Putting text in is self-explanatory. You can use the formatting options at the top of the editor (assuming you are on the Visual tab) to edit your words similar to as if you were using a Word processor. If you know HTML, you can click off the Visual tab and edit like that, but we would recommend sticking with WordPress’ integrated text editor.
To add an image, click “Add Media” – the button is slightly above the text editor. Upload an image, and when you click Insert, the image will appear wherever you last clicked in the editor. You can resize images before inserting them, and you can also choose alignment – for example, if you wanted to put a picture of yourself on your About page, you might click at the start of the text, upload a picture of yourself, click “Medium” as the display size, and align the picture to the left. Try it!
Finding Plugins and Widgets
Last but not least, we will briefly cover where you can find free plugins and widgets that help you with whatever you’re trying to do.
If you use Google, be sure to be very specific in what you need from the plugin. For example, “social media plugin” is far too vague. But, “social sharing plugin” will bring up quite a few different plugins that display share buttons around your site (wherever you please). If your first search isn’t getting you what you need, you may be using the incorrect terminology.
If you use the WordPress plugin repository, pay attention to following things before installing a particular plugin.
- Minimum requirement and Version compatibility – check whether the plugin is compatible with the version of your site’s WordPress installation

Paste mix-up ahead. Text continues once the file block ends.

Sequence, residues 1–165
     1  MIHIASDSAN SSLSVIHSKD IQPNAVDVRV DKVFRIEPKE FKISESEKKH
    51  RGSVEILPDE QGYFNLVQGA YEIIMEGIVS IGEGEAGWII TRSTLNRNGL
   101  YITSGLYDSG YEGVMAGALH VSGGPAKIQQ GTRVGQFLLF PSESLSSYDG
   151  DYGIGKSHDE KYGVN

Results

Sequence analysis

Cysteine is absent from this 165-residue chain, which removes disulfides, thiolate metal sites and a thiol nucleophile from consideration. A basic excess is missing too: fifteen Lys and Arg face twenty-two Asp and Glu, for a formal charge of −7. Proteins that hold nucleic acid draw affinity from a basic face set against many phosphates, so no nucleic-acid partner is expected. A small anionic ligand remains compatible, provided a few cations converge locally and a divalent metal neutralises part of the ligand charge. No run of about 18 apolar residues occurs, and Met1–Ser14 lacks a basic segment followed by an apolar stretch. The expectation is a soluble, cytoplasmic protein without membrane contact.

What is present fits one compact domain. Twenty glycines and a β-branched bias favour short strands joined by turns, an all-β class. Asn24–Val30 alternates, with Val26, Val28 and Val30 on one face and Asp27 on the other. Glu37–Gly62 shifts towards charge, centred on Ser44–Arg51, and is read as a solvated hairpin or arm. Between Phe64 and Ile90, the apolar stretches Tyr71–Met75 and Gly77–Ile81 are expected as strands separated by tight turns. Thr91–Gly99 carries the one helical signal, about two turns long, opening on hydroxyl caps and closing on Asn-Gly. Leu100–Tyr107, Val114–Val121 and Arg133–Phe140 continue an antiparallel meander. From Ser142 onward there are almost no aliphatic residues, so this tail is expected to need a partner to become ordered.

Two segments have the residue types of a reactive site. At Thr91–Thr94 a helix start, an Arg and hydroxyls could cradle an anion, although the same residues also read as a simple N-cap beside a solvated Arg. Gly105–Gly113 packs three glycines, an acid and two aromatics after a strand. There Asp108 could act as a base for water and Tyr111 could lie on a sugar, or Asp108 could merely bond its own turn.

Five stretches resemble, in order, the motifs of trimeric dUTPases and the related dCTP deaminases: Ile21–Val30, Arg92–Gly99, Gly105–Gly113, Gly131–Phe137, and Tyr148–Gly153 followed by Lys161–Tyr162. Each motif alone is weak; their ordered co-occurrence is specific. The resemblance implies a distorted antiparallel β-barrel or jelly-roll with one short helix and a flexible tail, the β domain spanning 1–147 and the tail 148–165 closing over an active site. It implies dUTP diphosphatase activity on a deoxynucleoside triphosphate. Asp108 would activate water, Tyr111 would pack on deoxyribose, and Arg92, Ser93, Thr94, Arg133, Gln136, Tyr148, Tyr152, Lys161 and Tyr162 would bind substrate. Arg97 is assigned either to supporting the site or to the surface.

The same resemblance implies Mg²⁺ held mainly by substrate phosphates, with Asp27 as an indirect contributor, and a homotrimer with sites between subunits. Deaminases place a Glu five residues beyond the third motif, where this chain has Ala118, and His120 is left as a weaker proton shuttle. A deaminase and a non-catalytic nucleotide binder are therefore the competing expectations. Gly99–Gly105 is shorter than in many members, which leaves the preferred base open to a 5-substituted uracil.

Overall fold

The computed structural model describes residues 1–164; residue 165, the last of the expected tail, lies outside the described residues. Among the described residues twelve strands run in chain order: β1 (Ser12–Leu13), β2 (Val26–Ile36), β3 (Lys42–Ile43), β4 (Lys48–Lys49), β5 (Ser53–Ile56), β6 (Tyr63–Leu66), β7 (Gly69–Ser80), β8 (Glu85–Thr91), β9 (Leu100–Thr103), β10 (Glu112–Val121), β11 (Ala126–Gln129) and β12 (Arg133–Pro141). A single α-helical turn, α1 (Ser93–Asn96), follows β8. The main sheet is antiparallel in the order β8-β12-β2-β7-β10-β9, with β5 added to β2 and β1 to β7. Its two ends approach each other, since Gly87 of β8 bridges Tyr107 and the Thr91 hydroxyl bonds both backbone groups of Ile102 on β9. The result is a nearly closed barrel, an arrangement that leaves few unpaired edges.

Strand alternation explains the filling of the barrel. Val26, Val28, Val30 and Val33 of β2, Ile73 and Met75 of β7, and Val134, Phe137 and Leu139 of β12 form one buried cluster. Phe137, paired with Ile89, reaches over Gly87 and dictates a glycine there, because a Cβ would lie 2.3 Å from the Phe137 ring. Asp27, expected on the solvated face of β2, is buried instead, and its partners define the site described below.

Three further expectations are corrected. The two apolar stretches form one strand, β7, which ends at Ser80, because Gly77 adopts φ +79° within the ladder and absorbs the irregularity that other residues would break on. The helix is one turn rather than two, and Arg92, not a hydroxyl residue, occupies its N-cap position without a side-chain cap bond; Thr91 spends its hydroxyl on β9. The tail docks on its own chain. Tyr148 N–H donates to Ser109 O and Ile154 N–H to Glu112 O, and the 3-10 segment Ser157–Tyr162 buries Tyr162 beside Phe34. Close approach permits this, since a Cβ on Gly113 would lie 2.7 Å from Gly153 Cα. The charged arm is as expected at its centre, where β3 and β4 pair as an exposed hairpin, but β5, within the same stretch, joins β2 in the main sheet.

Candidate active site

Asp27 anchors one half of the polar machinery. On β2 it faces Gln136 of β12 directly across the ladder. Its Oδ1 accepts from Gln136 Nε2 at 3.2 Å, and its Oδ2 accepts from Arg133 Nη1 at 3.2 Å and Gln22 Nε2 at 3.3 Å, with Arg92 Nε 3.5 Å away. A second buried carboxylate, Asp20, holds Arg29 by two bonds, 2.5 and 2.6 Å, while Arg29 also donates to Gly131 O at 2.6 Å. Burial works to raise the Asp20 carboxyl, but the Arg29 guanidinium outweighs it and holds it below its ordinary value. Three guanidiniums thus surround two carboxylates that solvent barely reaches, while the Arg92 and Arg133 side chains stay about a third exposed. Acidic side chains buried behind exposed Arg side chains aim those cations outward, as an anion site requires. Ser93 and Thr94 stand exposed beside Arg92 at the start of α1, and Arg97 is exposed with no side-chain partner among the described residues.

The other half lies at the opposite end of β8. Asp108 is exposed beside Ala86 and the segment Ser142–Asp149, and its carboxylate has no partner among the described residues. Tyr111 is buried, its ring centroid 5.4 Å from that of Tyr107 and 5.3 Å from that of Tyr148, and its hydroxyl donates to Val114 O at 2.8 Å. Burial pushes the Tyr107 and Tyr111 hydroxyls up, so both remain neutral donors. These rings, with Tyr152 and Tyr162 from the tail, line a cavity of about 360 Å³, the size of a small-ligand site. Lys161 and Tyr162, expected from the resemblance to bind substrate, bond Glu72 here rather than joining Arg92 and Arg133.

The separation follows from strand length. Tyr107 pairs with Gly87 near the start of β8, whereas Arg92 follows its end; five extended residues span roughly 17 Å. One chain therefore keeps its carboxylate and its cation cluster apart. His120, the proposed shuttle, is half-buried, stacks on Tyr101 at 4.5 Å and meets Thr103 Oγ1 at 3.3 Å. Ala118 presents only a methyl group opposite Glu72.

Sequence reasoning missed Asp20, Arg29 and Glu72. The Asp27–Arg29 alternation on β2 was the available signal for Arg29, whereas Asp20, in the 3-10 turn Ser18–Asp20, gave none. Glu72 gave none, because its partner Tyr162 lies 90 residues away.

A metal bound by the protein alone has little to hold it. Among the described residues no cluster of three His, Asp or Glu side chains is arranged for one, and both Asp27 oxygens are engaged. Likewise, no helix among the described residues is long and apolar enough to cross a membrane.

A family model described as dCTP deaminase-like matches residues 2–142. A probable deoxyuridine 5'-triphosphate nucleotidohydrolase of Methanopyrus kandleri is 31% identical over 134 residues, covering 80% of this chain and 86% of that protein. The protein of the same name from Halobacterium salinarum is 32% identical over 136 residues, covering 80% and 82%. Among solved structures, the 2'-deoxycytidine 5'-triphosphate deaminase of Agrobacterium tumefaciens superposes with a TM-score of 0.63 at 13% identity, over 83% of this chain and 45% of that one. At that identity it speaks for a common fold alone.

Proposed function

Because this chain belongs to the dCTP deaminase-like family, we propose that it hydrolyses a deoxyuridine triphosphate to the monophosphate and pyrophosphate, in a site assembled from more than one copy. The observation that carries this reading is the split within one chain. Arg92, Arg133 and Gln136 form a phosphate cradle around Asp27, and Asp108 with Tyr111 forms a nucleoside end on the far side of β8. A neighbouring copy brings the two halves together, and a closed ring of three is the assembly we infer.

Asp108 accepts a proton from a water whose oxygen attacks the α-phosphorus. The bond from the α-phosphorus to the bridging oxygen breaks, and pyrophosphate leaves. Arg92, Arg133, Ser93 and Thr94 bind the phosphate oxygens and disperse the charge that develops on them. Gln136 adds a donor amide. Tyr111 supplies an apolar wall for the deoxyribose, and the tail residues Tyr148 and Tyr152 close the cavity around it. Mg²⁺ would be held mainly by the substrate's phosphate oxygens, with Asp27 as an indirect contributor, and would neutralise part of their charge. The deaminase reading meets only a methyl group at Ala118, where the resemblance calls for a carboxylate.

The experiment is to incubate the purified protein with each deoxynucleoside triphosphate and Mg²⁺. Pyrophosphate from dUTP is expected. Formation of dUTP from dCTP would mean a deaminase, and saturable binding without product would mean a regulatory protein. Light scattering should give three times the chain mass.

- Number of active installs – Good indicator about the popularity of the plugin
- Ratings by users – Listen what the crowd say about the functionality of the plugin
- Last updated date – this will tell whether the developer of the plugin is actively doing updates to the plugin to improve the overall performance and maintain the compatibility of it with the latest WordPress version
A plugin doesn’t need to work well to be in the WordPress repository. So, look for 5-star ratings, and if there are too many 1-star ratings, move on to another plugin. There are plenty to pick from.
If you install a plugin and it doesn’t work as you’d like it to, that plugin might just not be for you. And, some plugins with 5-star ratings might not work for you or your theme, either. Most of the time, they will – but if they don’t, you shouldn’t go crazy – just find another plugin.
Lastly, it’s important to understand that you can’t technically download a widget. You download a plugin, and when activated, that plugin will create new widgets that can be used for your sidebar. So, you can search for something like “Facebook like box widget”, but you’re always going to be downloading and installing a plugin.
You now have all of the knowledge you need to get started on your first WordPress site. So, as you have seen in this tutorial, it is not difficult to get things started. But when moving on, you will need to refer more tutorials, articles, videos etc. to get a deeper understanding about customizing WordPress.
One great aspect of using WordPress is that there are plenty of resources available online. If you come across any issues, just Google it. There is a great chance that you may find the correct answer to the problem within 1,2 clicks.
Just buy a domain name and a web hosting account as the first step of creating your website. It feels really good (special) to have a website on your own, even if it does not look perfect right away. Practice makes perfect, and if you stick long at it for a short amount of time, your site will eventually look perfect.
You can download this tutorial in a PDF format(Yeah, it’s FREE!) and keep it for your future reference. Just let us know your email and I will send it right in to your inbox.